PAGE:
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Why superconductors repel magnets no matter what polarity

  1. Sep 22, 2003 #1

    jimmy p

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    Hey everyone, got a quickie for u. I'm not sure if there is a proper answer for this question, but could ppl give me brief theories to why superconductors repel magnets no matter what polarity they are. thanx for any input!
    Last edited by a moderator: Feb 6, 2013
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  3. Sep 22, 2003 #2

    Chi Meson

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    I'm going for brevity here. This usually takes a full class for my AP students who have already learned about electromagnetic induction. Here goes...

    When a magnetic field approaches a superconductor (SC), the SC experiences a changing magnetic flux (that is, the magnetic field in a certain spot will be increasing).

    A changing magnetic flux induces an emf (voltage)inside the SC that causes a charged object (an electron) to go in a circular path.

    The charge that goes in a circle creates another magnetic field, and this field is always in an opposing direction to the field that created it (it repels the original magnetic field).

    Since the SC has no resistance, the spinning charges do not slow down. THey keep going in circles, and therefore continue to create the magnetic field that opposes the original magnet.

    Whenever the magnet changes orientation, the magnetic flux in the SC changes, and the orientation of the circles of electrons will change accordingly.

    IF it doesn't make sense, its because I made it too simplified.
  4. Sep 24, 2003 #3

    jimmy p

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    ok. i think i understand that, it makes sense enough for me anyway, what would be a more physics based answer to this then?? not too difficult, my brain hurts at difficult things lol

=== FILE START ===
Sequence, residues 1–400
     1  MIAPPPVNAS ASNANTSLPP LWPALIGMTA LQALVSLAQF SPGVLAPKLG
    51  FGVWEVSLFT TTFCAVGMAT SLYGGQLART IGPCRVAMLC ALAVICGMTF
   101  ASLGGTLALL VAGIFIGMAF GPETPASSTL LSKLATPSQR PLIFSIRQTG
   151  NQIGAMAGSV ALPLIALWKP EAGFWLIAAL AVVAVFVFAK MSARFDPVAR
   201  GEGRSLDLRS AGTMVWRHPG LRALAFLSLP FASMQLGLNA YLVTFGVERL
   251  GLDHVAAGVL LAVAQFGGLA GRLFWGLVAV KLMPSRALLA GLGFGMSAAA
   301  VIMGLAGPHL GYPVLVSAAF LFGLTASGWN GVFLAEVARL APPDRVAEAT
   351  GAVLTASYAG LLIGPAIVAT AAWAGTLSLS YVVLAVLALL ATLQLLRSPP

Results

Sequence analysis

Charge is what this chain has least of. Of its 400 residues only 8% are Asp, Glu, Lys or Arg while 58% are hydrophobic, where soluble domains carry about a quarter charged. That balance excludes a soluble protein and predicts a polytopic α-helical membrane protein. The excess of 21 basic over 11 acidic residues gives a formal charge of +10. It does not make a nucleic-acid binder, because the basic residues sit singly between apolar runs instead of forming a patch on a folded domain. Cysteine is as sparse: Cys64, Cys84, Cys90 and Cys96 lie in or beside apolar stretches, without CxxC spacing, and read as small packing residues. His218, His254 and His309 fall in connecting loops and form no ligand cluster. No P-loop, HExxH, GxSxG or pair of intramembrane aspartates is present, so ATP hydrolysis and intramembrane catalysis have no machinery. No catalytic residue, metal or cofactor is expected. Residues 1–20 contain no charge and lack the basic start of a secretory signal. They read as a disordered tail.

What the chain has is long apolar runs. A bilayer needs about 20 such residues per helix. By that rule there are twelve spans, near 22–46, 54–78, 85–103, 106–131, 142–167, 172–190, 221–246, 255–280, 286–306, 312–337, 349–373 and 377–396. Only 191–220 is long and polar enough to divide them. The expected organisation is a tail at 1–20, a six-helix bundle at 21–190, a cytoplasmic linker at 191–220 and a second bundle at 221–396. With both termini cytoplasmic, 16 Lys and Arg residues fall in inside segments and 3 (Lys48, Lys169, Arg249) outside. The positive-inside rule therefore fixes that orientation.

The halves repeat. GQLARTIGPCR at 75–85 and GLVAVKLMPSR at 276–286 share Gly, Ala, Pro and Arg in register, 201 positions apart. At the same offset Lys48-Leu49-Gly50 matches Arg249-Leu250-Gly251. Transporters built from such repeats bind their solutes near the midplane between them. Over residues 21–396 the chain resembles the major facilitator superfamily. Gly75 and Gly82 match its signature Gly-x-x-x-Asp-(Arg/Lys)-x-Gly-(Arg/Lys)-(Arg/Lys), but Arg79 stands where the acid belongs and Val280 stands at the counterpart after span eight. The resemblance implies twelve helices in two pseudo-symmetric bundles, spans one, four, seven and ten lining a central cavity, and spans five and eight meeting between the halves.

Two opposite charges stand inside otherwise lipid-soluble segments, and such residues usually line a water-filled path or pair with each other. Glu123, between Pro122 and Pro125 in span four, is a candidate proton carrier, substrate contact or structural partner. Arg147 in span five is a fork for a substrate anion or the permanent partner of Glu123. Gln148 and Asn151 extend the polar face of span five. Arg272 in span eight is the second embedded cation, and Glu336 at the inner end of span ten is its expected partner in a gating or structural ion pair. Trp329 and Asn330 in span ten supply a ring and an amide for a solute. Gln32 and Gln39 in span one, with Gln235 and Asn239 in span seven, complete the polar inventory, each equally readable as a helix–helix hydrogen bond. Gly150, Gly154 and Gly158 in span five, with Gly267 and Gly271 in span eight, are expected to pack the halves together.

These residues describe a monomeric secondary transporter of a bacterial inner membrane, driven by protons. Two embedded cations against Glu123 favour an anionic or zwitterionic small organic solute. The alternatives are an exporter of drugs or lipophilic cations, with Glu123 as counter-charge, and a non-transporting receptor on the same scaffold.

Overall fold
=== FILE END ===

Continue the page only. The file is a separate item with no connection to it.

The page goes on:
5. Sep 25, 2003 #4
    The above is the simple physics based answer. To PROVE this you got to use math.
    For completness: It was postulated (can be derived as well) that in a SC the current density j is proportional to the vector potential A. So if you take the curl:

    curl(j)=-1/([mu]0[lamb]L2)B (1)

    this equation is called the London equation ([lamb] is the London penetration depth. Some magnetic field can penetrate the SC)
    Now, from the Maxwell equations we know that

    curl(B)=[mu]0j (2)

    So, taking the curl on both sides of (2), then using (1) we find

    [nab]2B=B/[lamb]L2 (3)

    The field inside the SC has to conform to this equation. The Meissner effect now follows since (3) does not allow a uniform solution (that is B=B0). The only solution is :

    B=B(0)exp(-x/[lamb]L) (4)

    B(0) is the field at the edge of the SC.

    Not really simple but this is the derivation of the above picture. So although it expels magnetic fields, there still is some field inside a SC
    Last edited: Sep 25, 2003
  6. Sep 25, 2003 #5
    By the way, the above rests on some assumptions. These assumtions are not necessary in a quantum theory of superconductivity. All said above follows naturally from the quantum theory. The theory is called the BCS theory of superconductivity after its inventors Bardeen, Cooper and Schrieffer.
  7. Sep 25, 2003 #6

    Chi Meson

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    Amazing but true. You can only go so far in Physics without the math.
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